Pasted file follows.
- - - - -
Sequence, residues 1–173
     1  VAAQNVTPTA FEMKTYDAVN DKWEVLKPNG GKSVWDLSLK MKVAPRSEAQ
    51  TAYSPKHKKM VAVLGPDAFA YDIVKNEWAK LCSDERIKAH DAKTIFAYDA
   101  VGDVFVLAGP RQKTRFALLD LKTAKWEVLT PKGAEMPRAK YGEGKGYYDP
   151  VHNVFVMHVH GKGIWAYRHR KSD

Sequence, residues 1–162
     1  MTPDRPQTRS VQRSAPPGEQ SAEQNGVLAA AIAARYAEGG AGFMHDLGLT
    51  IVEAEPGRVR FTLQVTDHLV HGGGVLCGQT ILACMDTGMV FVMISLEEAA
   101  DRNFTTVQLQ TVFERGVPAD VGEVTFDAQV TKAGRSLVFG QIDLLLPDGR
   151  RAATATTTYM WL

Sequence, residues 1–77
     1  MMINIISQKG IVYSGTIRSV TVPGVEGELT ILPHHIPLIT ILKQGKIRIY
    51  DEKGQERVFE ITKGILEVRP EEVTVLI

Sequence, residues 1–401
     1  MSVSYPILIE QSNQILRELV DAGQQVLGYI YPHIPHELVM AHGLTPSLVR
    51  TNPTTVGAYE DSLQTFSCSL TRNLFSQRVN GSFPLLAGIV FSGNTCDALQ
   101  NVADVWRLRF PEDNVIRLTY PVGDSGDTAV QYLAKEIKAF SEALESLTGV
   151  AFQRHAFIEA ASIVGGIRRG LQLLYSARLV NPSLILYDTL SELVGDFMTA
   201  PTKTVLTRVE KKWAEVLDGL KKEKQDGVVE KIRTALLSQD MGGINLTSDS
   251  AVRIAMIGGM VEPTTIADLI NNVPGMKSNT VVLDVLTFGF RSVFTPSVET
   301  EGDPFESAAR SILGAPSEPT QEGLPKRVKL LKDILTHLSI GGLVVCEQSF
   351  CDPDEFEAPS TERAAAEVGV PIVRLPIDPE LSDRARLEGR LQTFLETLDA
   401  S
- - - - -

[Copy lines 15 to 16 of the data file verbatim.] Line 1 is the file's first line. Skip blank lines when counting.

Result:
     1  MSVSYPILIE QSNQILRELV DAGQQVLGYI YPHIPHELVM AHGLTPSLVR
    51  TNPTTVGAYE DSLQTFSCSL TRNLFSQRVN GSFPLLAGIV FSGNTCDALQ